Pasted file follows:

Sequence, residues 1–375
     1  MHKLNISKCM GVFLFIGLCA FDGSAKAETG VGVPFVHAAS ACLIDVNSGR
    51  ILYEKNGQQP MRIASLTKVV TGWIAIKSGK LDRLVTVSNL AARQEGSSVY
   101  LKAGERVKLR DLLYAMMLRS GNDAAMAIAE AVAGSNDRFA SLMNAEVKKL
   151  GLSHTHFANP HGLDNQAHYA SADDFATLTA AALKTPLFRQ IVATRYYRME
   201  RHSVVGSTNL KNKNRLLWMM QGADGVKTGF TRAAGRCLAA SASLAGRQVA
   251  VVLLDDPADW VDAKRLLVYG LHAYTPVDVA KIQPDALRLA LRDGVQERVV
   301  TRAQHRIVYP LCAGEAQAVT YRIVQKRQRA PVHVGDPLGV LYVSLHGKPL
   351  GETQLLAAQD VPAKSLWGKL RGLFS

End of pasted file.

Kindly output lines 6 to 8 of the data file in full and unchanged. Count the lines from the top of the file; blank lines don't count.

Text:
   201  RHSVVGSTNL KNKNRLLWMM QGADGVKTGF TRAAGRCLAA SASLAGRQVA
   251  VVLLDDPADW VDAKRLLVYG LHAYTPVDVA KIQPDALRLA LRDGVQERVV
   301  TRAQHRIVYP LCAGEAQAVT YRIVQKRQRA PVHVGDPLGV LYVSLHGKPL